How to Write a Screenplay for a Movie
Most of us, at some point in our lives, have had at least a kernel of a movie idea. Even something as simple as, “Hey, you know what would make a good movie?” Maybe you even started writing a screenplay before abandoning it after five pages because your idea wasn’t really an idea (or you had no idea what you were doing).
There’s a lot that goes into writing a screenplay for a movie, including treatments and outlines. It can take as little as a few days (Sylvester Stallone wrote Rocky in less than a week and won an Oscar for it) or a decade (that’s how long it took Christopher Nolan to write Inception). There are a lot of variables that go into writing a screenplay for a movie.
There is no set amount of time to write a movie screenplay or even the length of a screenplay. But there are standards that should be followed when it’s time to fire up the ol’ laptop and get to writing. There are pretty rigid industry-standard script formats to follow–formats that have been part of the movie-making business for decades.
The Importance of a Screenplay for a Movie
Writing a screenplay is arguably the most important job in filmmaking. How do you cast, direct, or shoot a movie without first writing down all three acts, dialogue, character descriptions, and almost everything else that appears on the screen?
Of course, there will always be rewrites, changes to dialogue, or even entire scenes left on the cutting room floor. But without a screenplay in place first, none of that would ever take place. Even documentaries and reality TV shows have some kind of direction in place before shooting begins.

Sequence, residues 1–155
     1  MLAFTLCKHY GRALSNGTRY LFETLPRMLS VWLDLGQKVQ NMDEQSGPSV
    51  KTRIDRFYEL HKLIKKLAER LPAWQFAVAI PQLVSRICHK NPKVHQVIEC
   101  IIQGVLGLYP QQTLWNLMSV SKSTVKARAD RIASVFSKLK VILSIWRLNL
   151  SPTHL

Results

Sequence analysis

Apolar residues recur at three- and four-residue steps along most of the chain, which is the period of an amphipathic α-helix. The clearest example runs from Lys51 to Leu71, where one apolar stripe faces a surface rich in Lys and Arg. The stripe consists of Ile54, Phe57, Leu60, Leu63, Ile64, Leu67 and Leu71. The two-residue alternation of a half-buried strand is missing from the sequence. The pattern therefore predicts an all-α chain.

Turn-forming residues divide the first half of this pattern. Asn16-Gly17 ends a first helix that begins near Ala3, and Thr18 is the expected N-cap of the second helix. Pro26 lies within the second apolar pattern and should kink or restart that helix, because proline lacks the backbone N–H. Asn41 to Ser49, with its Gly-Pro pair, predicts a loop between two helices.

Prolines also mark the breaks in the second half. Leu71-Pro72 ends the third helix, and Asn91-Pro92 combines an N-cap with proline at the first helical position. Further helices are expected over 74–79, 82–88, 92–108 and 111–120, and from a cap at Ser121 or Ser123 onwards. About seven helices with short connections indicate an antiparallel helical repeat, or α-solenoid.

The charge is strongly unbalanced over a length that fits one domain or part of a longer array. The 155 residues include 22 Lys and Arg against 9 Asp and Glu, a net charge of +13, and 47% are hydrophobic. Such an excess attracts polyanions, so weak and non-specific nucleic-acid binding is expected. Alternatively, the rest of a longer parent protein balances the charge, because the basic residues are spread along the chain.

But it’s a very crowded field. Even with Netflix, Amazon Prime, Hulu, and other streaming services creating their own movies, only a few hundred movies get made each year. According to the Writers Guild of America, nearly 50,000 scripts are submitted every year. That’s a lot of unproduced comedy, drama, dramedy, and other genres of film that never get made.
How to Write a Screenplay for a Movie
First things first: what is the movie going to be about? Is it going to be a coming-of-age movie a la Juno or Ladybird, an underdog sports movie like The Blindside, or a science-fiction blockbuster like Avatar? You’ll also need to understand how a teenage romp, a sports movie, and an alien movie can all have different genres while still supporting the same theme.
Genres are how the story is delivered, whether it’s a drama, thriller, or comedy, while themes are the plot of the movie. It’s been said there are really only seven basic plots, from the Voyage to the Quest to Overcoming the Monster. Once you figure out your genre, that will help shape your screenplay.
Let’s look at “the voyage” as a theme and how different plots can affect the story. Superbad (comedy), 1917 (action), and Memento (thriller). All three movies follow the main character or characters moving from one point to the other in wildly different scenarios.
Necessities for Writing a Screenplay for a Movie
When writing a screenplay for a movie, there should be three very distinct acts. You need to set up the film, give the protagonist (or anti-hero) some conflict to overcome, and then wrap it up nice and neat–or extremely messy–at the end. Miss any of those elements and you could leave your audiences confused, uninterested, or looking for more.
Even those old five-minute cartoons follow this basic setup, and so should you. The screenplay doesn’t necessarily need to be written in that order of course, or any particular order at all. Think of Pulp Fiction: There were several first, second, and third acts in the film. It’s your job to bring them all together.